iTunes does not include an online locker, however once more, this is in line with the majority of the other prominent services; there is an online storage match, whereby users can download and stream music for $24.99 per year. iTunes is accessible in over thirty countries, which is a significantly higher number than any of its rivals; its nearest is Xbox music with twenty two.
Its catalogue is also impressive, with twenty eight million songs placing it second only to Xbox music’s thirty million; however, it is available on only three platforms, while the majority of its rivals are available on at least four or five.
Overall, in comparison, it is fair to say that iTunes is no real stand out performer; however, it more than holds its own when stood next to its opponents.
In conclusion, this review has found that iTunes is a very user friendly, easy to access and relatively cheap way of listening to and exchanging music or other media. It was innovative – one of the first products of its kind to enter the public domain – and has, indeed, been the forerunner to many of the products which today stand as its rivals. Against those products, the quality of iTunes and Apple in general continues to shine through.
About Apple Inc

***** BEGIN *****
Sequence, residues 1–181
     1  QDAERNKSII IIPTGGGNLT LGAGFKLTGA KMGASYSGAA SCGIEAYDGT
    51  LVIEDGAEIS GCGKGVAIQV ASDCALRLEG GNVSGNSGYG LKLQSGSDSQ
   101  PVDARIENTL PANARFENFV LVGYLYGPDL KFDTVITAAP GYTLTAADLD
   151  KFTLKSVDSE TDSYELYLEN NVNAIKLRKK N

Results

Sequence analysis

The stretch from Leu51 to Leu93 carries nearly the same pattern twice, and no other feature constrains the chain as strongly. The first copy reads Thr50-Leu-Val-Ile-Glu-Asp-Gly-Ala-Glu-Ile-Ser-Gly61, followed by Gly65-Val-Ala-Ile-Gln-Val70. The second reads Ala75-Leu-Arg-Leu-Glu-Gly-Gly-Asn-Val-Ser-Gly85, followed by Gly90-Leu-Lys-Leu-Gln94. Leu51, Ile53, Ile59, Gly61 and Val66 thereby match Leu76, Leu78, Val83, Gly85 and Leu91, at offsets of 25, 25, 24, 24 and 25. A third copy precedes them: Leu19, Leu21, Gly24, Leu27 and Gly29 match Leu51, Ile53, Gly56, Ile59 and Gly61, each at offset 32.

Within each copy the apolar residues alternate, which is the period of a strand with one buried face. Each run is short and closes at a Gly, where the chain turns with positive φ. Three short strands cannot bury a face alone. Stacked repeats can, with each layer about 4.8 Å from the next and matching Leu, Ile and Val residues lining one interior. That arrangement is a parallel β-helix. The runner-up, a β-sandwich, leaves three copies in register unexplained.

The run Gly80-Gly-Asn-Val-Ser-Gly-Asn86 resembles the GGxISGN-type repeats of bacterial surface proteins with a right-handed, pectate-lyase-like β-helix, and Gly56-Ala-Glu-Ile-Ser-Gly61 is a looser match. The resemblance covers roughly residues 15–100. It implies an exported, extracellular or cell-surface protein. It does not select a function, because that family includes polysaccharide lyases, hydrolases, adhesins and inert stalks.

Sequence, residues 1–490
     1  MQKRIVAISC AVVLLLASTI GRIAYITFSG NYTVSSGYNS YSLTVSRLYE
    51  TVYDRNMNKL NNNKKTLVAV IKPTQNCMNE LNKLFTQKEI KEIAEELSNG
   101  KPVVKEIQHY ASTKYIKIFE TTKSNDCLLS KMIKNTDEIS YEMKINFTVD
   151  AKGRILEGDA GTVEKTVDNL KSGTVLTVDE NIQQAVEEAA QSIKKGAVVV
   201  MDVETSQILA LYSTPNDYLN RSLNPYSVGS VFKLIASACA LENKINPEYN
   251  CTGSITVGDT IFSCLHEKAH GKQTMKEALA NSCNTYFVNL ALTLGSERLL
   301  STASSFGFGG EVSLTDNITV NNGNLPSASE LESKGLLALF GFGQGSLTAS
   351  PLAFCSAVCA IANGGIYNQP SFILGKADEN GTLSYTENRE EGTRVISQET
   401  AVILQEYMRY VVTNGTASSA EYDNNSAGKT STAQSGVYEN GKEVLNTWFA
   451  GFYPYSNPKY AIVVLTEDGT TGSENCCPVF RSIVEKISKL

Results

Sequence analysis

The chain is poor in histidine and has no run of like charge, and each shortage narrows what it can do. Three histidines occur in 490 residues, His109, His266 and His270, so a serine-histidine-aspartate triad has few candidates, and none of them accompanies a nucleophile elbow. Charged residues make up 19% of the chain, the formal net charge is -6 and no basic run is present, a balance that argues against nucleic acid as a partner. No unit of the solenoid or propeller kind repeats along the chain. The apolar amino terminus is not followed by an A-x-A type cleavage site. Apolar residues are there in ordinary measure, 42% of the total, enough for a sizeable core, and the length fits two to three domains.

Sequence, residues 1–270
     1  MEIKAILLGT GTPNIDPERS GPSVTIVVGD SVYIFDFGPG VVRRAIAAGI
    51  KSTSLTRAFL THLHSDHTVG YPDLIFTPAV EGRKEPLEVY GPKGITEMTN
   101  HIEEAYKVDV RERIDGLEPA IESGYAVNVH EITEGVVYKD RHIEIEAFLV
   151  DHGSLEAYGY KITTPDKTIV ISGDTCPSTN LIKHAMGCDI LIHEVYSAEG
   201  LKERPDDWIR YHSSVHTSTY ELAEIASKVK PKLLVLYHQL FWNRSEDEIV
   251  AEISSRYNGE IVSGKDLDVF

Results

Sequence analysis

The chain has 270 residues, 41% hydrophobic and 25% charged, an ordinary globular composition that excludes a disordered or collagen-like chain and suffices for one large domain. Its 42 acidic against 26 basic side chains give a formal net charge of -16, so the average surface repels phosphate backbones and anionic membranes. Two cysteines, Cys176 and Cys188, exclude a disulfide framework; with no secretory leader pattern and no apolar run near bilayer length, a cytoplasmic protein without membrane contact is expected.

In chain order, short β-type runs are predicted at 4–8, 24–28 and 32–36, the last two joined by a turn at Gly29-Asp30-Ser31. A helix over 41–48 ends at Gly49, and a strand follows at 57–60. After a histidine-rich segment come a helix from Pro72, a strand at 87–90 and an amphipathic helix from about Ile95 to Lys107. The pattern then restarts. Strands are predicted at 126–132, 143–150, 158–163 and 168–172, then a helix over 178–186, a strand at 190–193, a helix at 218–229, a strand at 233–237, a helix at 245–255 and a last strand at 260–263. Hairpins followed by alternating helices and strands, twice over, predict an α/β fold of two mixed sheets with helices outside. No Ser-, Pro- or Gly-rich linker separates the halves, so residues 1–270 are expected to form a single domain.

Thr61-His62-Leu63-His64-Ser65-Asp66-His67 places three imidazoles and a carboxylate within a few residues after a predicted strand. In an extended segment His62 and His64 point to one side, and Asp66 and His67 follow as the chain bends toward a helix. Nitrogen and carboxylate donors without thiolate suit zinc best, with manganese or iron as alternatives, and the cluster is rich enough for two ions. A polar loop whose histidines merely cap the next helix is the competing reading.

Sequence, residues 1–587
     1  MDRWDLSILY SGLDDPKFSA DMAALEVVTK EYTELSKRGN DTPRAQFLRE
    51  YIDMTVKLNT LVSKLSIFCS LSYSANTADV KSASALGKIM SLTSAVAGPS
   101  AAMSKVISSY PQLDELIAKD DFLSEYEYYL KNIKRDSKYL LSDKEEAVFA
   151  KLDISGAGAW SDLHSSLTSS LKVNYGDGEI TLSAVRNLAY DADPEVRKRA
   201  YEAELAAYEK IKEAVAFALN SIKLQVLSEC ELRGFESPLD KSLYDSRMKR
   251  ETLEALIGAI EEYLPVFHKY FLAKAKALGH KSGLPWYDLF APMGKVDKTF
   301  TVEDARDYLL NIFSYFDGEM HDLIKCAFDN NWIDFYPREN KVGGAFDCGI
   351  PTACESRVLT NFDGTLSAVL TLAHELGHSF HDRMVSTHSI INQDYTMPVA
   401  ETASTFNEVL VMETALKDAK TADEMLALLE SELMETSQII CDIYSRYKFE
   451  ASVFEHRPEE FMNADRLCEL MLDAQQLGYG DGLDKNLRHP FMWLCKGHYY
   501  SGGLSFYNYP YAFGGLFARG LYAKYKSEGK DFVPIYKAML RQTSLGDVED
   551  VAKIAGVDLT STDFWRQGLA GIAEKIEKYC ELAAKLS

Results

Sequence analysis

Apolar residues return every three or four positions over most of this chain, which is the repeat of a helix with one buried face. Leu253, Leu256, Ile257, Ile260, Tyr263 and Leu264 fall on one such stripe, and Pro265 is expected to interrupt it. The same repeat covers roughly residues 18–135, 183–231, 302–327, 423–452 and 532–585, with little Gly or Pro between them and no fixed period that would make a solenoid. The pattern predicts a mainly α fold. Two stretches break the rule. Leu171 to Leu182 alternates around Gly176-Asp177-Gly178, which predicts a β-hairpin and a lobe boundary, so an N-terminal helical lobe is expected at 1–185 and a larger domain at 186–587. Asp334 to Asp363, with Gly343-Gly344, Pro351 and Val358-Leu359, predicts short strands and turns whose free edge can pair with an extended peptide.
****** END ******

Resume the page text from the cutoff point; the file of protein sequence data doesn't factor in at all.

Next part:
Apple have long since been one of the fore runners of information technology, and remain at the forefront of their business. Spurred on by the innovations of their founders – most prominently, arguably, the late Steve Jobs – Apple have evolved from their first moments to rise from being a little known company to one of the world’s great powers. Their partial domination of the technological market – particularly through their products such as the iPhone, iPod and iPad, which have revolutionised the way the general public see and use technology – has led them to become a multi billion dollar enterprise. iTunes was launched in 2001, before any of the three mentioned devices existed, however the aim was set out clearly: Apple’s intention was to gain a monopoly over the world of purchasing and exchanging music, music videos, television shows and other media. The average customer would no longer have to traipse to his local music shop or film store to buy a film or record; instead, he could simply go online, log in and all that he could possibly ever want or need would be there for him to access at a limited price for as long as he so desired. Although this has not quite come into full effect as yet, it is true that iTunes has had a great effect on the world of media and technology, as have Apple themselves. Apple have, like many of the world’s best and most successful companies, strode and striven towards constant improvement and betterment of themselves and their products; the same is true for their approach to iTunes, which has seen many changes in appearance and configuration to become the universally approved and very commonly used product it is at the time of writing.